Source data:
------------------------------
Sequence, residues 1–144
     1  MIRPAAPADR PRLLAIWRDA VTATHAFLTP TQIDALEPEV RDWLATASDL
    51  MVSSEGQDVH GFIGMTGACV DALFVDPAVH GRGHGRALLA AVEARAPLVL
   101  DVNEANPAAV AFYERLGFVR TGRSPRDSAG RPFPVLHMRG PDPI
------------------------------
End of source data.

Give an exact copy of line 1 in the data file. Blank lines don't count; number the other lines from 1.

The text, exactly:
Sequence, residues 1–144